Are You Prepared for the Big Public Switched Telephone Network Switch-Off?

In less than two years, the Public Switched Telephone Network (PTSN) will be switched off for good, with work already underway to bring traditional phone lines to end of life by 2025, sparking consequences for homes and businesses yet to make the move to full fibre services.

In less than two years, the Public Switched Telephone Network (PTSN) will be switched off for good, with work already underway to bring traditional phone lines to end of life by 2025, sparking consequences for homes and businesses yet to make the move to full fibre services. 

PSTN Switch-off

Traditional telephone lines use copper cables. These are being replaced by Openreach with a modern, internet-based network and infrastructure that uses fibre-optic cables.

The move in the UK is government-driven, but it is happening on a global scale. It was introduced in response to the natural decline of traditional landline usage and growing demand for faster broadband and other digital communications systems. A survey undertaken in April 2021 revealed that around 40% of UK households no longer used landlines.

Openreach has been building its Full Fibre network for some time now with a view to providing ultrafast, ultra-reliable and greener broadband that has the resilience and capability of serving the growing wave of demand for bandwidth hungry digital innovations in homes and businesses.

How will the PSTN switch-off affect communications?

The PSTN switch-off means a move to internet protocol (IP) based communications will become a necessity, such as switching to VoIP (Voice over Internet Protocol) or cloud telephone systems. Business that use analogue fax will need to switch to digital fax or email.

Services that rely on traditional phone networks will also be affected. Payment terminals, lift communication systems and alarm systems connected to receiving centres will all need to be upgraded to an all-IP system. 

Migration from PSTN to ‘All IP’ is going ahead in some locations well in advance of its scheduled completion date of 2025. Communications providers are already in the process of migrating customers to alternative IP-based services, with hundreds of exchanges nationwide being affected.

Traditional phone sockets are being replaced with Smart Routers, which are designed to support today’s Internet of Things-powered connected smart systems.

What does the demise of the PSTN network mean for traditional alarm systems?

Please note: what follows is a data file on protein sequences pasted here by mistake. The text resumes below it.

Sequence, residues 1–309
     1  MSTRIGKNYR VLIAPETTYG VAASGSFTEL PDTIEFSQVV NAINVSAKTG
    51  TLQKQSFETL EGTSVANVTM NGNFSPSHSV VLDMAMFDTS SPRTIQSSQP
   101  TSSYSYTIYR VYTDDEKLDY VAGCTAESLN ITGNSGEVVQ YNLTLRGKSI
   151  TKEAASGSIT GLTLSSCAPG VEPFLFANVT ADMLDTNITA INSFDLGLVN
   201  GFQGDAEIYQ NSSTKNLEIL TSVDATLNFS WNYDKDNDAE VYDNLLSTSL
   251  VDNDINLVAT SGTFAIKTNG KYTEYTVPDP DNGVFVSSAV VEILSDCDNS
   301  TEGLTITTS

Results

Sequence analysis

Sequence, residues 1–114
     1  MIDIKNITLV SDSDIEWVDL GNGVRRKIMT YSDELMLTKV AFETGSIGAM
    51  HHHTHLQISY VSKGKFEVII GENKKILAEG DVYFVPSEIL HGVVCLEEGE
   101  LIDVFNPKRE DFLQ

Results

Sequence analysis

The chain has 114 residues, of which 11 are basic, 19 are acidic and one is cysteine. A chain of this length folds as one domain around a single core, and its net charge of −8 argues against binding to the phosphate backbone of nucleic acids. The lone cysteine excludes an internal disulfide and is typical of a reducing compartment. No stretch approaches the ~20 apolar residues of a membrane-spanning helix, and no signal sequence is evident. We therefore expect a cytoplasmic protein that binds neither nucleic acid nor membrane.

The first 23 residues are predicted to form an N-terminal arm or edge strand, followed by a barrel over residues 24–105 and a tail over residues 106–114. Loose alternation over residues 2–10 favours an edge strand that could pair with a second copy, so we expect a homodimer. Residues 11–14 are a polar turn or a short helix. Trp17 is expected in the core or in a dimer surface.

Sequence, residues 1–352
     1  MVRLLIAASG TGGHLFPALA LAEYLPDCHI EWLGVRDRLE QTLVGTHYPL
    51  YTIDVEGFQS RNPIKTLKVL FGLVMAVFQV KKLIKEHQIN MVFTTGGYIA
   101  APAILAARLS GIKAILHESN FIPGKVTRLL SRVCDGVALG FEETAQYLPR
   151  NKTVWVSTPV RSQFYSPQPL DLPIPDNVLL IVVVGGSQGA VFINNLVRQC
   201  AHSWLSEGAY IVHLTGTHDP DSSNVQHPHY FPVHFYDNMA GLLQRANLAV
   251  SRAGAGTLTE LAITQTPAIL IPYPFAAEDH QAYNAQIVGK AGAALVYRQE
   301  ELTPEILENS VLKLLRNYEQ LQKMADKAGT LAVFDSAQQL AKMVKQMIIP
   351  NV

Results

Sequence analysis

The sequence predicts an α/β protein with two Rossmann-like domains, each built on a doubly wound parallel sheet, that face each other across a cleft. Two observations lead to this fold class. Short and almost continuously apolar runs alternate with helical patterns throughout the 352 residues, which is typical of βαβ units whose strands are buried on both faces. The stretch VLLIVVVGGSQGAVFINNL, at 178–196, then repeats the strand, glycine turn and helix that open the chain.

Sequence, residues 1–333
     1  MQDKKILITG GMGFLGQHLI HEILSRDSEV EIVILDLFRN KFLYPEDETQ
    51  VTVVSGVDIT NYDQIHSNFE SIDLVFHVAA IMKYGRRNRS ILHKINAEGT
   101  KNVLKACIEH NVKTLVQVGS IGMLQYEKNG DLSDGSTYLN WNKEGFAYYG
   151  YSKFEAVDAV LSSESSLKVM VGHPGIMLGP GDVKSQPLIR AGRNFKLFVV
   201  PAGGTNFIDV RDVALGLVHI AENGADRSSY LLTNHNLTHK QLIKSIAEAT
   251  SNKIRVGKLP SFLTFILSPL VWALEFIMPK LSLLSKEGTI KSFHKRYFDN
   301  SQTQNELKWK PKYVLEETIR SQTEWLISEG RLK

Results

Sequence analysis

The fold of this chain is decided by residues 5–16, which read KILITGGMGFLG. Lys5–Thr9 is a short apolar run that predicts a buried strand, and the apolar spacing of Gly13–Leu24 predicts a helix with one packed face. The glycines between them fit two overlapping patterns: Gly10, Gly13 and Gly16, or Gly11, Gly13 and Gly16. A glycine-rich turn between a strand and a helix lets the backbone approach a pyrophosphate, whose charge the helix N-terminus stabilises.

PSTN-based alarms will need to be upgraded. Anything that plugs into the existing analogue telephone network, including monitored alarms, fire and security signalling systems and lift alarms will be affected by the switch-off.

If your intruder alarm system uses a communicator that is directly connected to your analogue phone line, this will not operate once the PSTN is switched off.

Withdrawal of services at regional exchanges has already begun. Therefore, to ensure our clients experience no loss of connectivity between their premises and the Alarm Receiving Centre (ARC), we are taking the following steps…

In compliance with the existing security grade your system has been certified to, we will install a GPRS (General Packet Radio Service) and/or IP (Internet Protocol) communicator which will take over the PSTN’s role of delivering alarm signals to the ARC. Both represent the latest technology in Alarm Transmission Signalling (ATS).

GPRS communicators rely on mobile technology, like the data service on a smartphone. They come with a roaming signal or dual SIMs which make use of all available mobile networks.

IP communicators connect into your existing internet service.

It is also possible to use both IP and GPRS, combined into a single communicator. This setup will provide a primary connection, plus a back-up which will kick-in should the primary connection fail.

For the GPRS communicator to work, it will need a minimum signal strength, which will be tested ahead of installation. Premises where control equipment is located in basements or other areas where the GPRS signal is poor will not be suitable for this technology and will instead need to rely on an IP communicator.

These essential works will ensure that your alarm system continues to send activation and fault signals to the Alarm Receiving Centre once the PSTN is switched off, so that your keyholders or the emergency services can be notified where required.

The works will also ensure your alarm system continues to comply with the standards detailed on your NSI Gold System Certification. If your system has been installed for insurance purposes, we recommend you contact your insurers to advise them of the change to your Alarm Transmission Signalling method.

What do I need to do?

We have already sent emails and/or letters to the owners or system administrators of alarm systems that will be affected by the PSTN switch off.

If you have not yet responded to confirm your agreement to the works recommended, we encourage you to take action as soon as possible. If you would like this information to be re-sent to you, please let us know by calling or emailing the Electronics Support Team on 020 7262 9009 or

Our priority here at Barry Bros Security has always been to ensure that our customers’ security systems are operating correctly and reliably. The demise of the PSTN will have a major impact on security systems, and we are here to make the transition a smooth one for you.

As ever, we are available to answer any questions you may have about the PSTN switch-off, and you are welcome to contact us or call in to our London showroom to discuss any concerns in person with one of our alarm system experts.

How Can We Help?

Regardless of the type of premises you are looking to protect, Barry Bros Security has the solution. Contact us today for expert advice and the benefit of decades of experience in the security industry.